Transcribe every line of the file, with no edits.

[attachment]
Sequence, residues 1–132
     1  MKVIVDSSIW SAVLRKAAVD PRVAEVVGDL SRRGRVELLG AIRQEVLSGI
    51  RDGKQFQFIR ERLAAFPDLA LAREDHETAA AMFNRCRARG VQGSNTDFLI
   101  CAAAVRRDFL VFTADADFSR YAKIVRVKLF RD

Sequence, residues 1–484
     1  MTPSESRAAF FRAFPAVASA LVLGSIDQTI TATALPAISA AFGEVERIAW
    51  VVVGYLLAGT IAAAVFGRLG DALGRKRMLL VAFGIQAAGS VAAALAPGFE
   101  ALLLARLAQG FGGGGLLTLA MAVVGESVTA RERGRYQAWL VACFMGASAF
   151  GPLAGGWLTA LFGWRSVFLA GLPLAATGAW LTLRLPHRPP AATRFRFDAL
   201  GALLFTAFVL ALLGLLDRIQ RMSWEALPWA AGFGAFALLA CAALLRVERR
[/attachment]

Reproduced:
Sequence, residues 1–132
     1  MKVIVDSSIW SAVLRKAAVD PRVAEVVGDL SRRGRVELLG AIRQEVLSGI
    51  RDGKQFQFIR ERLAAFPDLA LAREDHETAA AMFNRCRARG VQGSNTDFLI
   101  CAAAVRRDFL VFTADADFSR YAKIVRVKLF RD

Sequence, residues 1–484
     1  MTPSESRAAF FRAFPAVASA LVLGSIDQTI TATALPAISA AFGEVERIAW
    51  VVVGYLLAGT IAAAVFGRLG DALGRKRMLL VAFGIQAAGS VAAALAPGFE
   101  ALLLARLAQG FGGGGLLTLA MAVVGESVTA RERGRYQAWL VACFMGASAF
   151  GPLAGGWLTA LFGWRSVFLA GLPLAATGAW LTLRLPHRPP AATRFRFDAL
   201  GALLFTAFVL ALLGLLDRIQ RMSWEALPWA AGFGAFALLA CAALLRVERR